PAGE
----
SUMMARY If you don't mind modifying your guitar, this is the neatest and most precise tremolo system I've tried to date. Warwick Music Equipment Trading. +44 (0) 161 8390 666 sales@warwickbass.co.uk

IK Multimedia Stealthplug

USB Guitar Interface With Amp Modelling Software

Call me cynical, but I'm always at least a little wary when someone comes along with a new product that appears to be repackaging existing technologies in a shiny new box. So I wasn't holding my breath when I was asked to take a look at IK Multimedia's Stealthplug. Essentially, the Stealthplug is a single cable with an inbuilt A-D converter: one end is terminated in a quarter-inch jack (like a guitar cable), and the other in a male USB connector, as found on most USB computer peripherals. It is intended as a dedicated computer audio interface for guitarists.

Though my expectations were not high, it nonetheless promised a neat solution for the guitarist wanting to get into computer recording or processing and, given that you don't need a separate audio interface, possibilities for recording 'on the hoof' via a laptop. So I held at least a little hope of proving my bout of prejudgement to be unjustified!

Guitar TechnologyIt is worth mentioning, before I move on to the Stealthplug interface itself, that the software which IK have bundled with it is well worth the asking price alone: for £79 you get, in addition to the hardware, cut-down versions of a range of software, including Mackie's Traktion sequencer, IK's Sampletank LE sound module and T-Racks equaliser and, of most interest to the guitarists and bassists reading this, IK's Amplitube 2 Live. This features a range of very good-sounding guitar amp and cabinet models, as well as some great pedal effect simulations (the only notable omission from my usual pedal arsenal being a phaser — you can always upgrade to the full version, though). There is also a very useable selection of well-named presets, which makes it easy to change your rig at short notice — it is, for example, a lot more convenient than stomping on several guitar pedals between your songs. What's more, it can be used as a stand-alone application or as a plug-in, and you aren't limited to using this with the Stealthplug alone. In fact, this would be a very welcome addition to anyone using a sequencer who is looking for a guitar modelling plug-in, and it is certainly superior to Cubase 4 's Amp Simulator. This updated version of the software is not available separately from the bundle, but its predecessor Amplitube Live retailed for pretty much the asking price of the whole bundle, which means you are paying very little (if anything!) extra for the Stealthplug hardware. So it is, in any event, a bargain.

But is the Stealthplug hardware any good? Well, it is certainly convenient. It is no trouble to install — it took me about 10 minutes, including booting up a second PC to connect to the Internet for authorisation, and installing the control panel software and Amplitube 2 Live. There was no need for a separate audio interface for playing or recording, no need for additional cables: you just plug it into your guitar and computer, and plug in your headphones, and you're away.

At this price, though, it comes as no surprise that there are a few limitations and, while they are generally niggles rather than major issues, they deserve mention. My main criticism is that I found the Stealthplug to be a little noisy. This was nothing unmanageable, certainly compared with your average laptop inputs, but comparing the signal with my standard audio interface revealed there to be noticeably more background noise — a very audible hiss, much more than on my soundcard's instrument input. I wasn't surprised as the Stealthplug isn't in the same price range as my soundcard, but on revisiting this issue, the main culprit turned out to be the headphone output. Files recorded via the Stealthplug and played back over my standard system were slightly noisier than those recorded through my soundcard, but not to an objectionable extent. However, when monitoring via the Stealthplug's headphone out the noise was mildly irritating. So, while the Stealthplug is fine for tracking, I'd be reluctant to rely on its output for serious mixing — but that's not really the intention here.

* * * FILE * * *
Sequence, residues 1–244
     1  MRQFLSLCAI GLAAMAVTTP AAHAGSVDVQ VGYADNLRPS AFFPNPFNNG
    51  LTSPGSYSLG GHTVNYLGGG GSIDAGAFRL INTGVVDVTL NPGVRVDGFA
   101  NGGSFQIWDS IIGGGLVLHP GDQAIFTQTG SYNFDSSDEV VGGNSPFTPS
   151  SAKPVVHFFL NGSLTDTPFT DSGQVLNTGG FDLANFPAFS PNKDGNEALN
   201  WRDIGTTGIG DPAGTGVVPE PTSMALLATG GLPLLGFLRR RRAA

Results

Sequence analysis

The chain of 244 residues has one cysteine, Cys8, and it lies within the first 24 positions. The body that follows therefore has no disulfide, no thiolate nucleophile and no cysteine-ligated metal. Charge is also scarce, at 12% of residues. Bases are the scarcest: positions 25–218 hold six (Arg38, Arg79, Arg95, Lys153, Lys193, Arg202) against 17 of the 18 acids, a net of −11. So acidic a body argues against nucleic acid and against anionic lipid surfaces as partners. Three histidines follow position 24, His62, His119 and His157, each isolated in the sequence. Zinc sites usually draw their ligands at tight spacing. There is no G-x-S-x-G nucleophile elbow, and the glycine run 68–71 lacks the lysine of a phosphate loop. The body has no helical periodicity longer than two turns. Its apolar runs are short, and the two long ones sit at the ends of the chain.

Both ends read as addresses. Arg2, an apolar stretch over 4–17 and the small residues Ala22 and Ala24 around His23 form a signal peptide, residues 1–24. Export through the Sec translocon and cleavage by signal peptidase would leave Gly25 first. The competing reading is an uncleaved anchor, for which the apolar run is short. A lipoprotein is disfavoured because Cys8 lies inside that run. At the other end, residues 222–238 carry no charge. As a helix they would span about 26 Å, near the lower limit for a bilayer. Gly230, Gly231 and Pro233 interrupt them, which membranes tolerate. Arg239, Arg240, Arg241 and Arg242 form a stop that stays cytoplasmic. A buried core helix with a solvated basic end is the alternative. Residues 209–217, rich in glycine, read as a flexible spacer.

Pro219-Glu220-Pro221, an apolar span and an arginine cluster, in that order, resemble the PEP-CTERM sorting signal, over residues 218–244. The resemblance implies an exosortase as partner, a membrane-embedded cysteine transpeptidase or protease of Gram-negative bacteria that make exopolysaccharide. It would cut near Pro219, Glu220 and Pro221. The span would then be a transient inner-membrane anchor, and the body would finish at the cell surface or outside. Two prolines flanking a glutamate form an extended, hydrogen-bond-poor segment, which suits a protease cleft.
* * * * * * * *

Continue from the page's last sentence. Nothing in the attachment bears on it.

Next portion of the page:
My other main criticism is that the jack and USB leads are moulded to the volume control, headphone out and A-D converter assembly, which means that if you break a cable, you'll need to be good at soldering or replace the whole thing.

The Stealthplug was easy to use and operate: the volume controls were easy to reach, though when grasping for the control, it was easy to catch it and there were times I wondered whether I might inadvertently yank the cable out the of my guitar's jack socket. A cheap-and-cheerful belt clip would be a useful addition.

But, for all my griping, I was actually pleasantly surprised. The software is great, and the hardware more convenient and compact than anything else out there. Used with a laptop, it offers a great portable solution for guitarists or bassists looking to record ideas on the road. It also offers a great entry route into computer recording for the uninitiated guitarist or bassist. All things considered — particularly the comprehensive software bundle — the Stealthplug represents great value for money. Matt Houghton

SUMMARY A very small and convenient guitar-to-computer USB interface with amp, cabinet and effects modelling software. IK Multimedia 0800 0934066 www.ikmultimedia.com

Published February 2007